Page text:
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Ogre Enchanted

Book review by
Mary Eisenhart, Common Sense Media
Ogre Enchanted Book Poster Image
Girl becomes ogre in imaginative "Ella Enchanted" spin-off.

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A lot or a little?

The parents' guide to what's in this book.

Educational Value

The story is a loose retelling of a Polish fairy tale, and makes reference to a number of beloved fairy tales, including "Beauty and the Beast."

Positive Messages

Perhaps the strongest message here is that the people who really love you will still do so when you've been turned into a gross, smelly monster, and know it's still you, whatever you look like. A related message: Not everyone who's sweet, charming, and beautiful on the outside is a good person on the inside. Also strong messages about kindness, friendship, family, getting past misunderstandings, and using your skills and relationships to help others and solve problems.

Positive Role Models & Representations

Evie is highly relatable as she struggles to do the right thing (and if possible, do what it takes to get back to normal) while dealing with the fact that she's suddenly a monster -- with a monster's bloodthirsty cravings. Her friend Wormy, aside from being the guinea pig for all her cures, never wavers in his devotion. Her mom, ditto. Other characters prove to be true friends, fake friends, and havoc-wreaking random forces.

Violence & Scariness

As an ogre, Evie wants to maim and devour everyone she sees, including her loved ones, so much of her inner struggle involves not giving in to that impulse. In one graphic scene, she stabs, hacks, and kills other ogres to save the life of their would-be victim -- making a friend in the process. As the result of a curse, a character is married to a self-absorbed fake prince who doesn't love her.

Language

What parents need to know

Parents need to know that Ogre Enchanted, a return to the world of Ella Enchanted by author Gail Carson Levine, is a creative re-spinning of the Beauty and the Beast theme intersecting with a Polish fairy tale about real and false princes. There's plenty to relate to in heroine Evie's struggles as she's turned into an ogre who can only break the spell by getting someone to propose marriage, and accepting. As if anyone's going to love her as a hideous, carnivorous, smelly monster. One startlingly gory scene; lots of positive messages about family, friendship, true vs. false love, and recognizing who people are regardless of appearances. Not everyone who deserves to live happily ever after does.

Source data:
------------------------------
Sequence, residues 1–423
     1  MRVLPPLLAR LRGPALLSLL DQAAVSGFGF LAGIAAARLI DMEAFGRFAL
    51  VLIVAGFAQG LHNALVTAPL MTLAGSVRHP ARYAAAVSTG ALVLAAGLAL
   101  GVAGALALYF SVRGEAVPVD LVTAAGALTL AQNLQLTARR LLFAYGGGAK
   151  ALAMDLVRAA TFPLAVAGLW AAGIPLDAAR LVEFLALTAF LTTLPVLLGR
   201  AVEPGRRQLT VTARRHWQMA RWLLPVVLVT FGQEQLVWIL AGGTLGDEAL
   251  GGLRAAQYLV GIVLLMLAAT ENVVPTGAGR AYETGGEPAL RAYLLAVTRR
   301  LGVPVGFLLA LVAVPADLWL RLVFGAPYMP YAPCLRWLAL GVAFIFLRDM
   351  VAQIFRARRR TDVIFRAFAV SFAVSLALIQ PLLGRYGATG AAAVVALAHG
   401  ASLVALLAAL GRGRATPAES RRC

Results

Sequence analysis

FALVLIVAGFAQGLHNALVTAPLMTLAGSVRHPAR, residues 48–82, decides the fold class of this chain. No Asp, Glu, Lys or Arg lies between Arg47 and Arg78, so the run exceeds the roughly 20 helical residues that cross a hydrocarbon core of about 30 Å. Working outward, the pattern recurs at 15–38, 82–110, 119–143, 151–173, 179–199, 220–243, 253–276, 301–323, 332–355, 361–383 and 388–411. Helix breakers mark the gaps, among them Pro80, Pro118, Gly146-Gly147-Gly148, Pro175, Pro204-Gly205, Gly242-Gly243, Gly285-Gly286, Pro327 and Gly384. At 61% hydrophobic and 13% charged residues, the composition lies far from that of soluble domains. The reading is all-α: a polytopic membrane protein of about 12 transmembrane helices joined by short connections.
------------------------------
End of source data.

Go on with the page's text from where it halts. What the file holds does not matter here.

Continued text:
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What's the story?

Fifteen-year-old Evie is happily pursuing her studies as a healer when Wormy, her lifelong friend and most faithful patient, upsets everything by proposing marriage. Evie sensibly points out that they're a little young and she has other things on her mind right now, and this probably would be OK with Wormy -- but not for meddlesome fairy Lucinda, last seen wreaking havoc in Ella Enchanted.  Lucinda just can't stand romance gone wrong, so she puts a curse on Evie, turning the girl into a huge, ugly, stinking ogre. Evie will remain an OGRE ENCHANTED if she can't get someone to fall in love with her and propose marriage. In 62 days. People (and ogres) aren't always what they seem in this tale, but the eyes of true love can see through the illusion to what's really there.

Is it any good?

This imaginative tale explores the eternal quest for true love, the peril of deceptive appearances, and having to make the best of your mistakes. In Ogre Enchanted, Gail Carson Levine returns to the world of Ella Enchanted with a new tale involving troublesome fairy Lucinda -- this time turning a young teen who doesn't want to get married into a monster. As protagonist Evie struggles with her new physical reality, which she may not be able to escape, readers will find her inner conflicts (such as simultaneously really loving people and really wanting to devour them) both intriguing and oddly relatable.

Talk to your kids about ...

  • Families can talk about the theme of people who get enchanted into completely different forms, as in Ogre Enchanted. Do you have any favorite stories where this happens? What do you like about them?

  • If you suddenly didn't look a bit like yourself, how do you think your friends and family would react? Would it freak them out, or would they know it was you and just accept you?

  • Evie recognizes that her plight has a lot in common with the Beauty and the Beast story -- and also has problems with how that story turns out. Do her thoughts make you see that story differently?

Book details

Themes & Topics

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For kids who love fairy tales and fantasy

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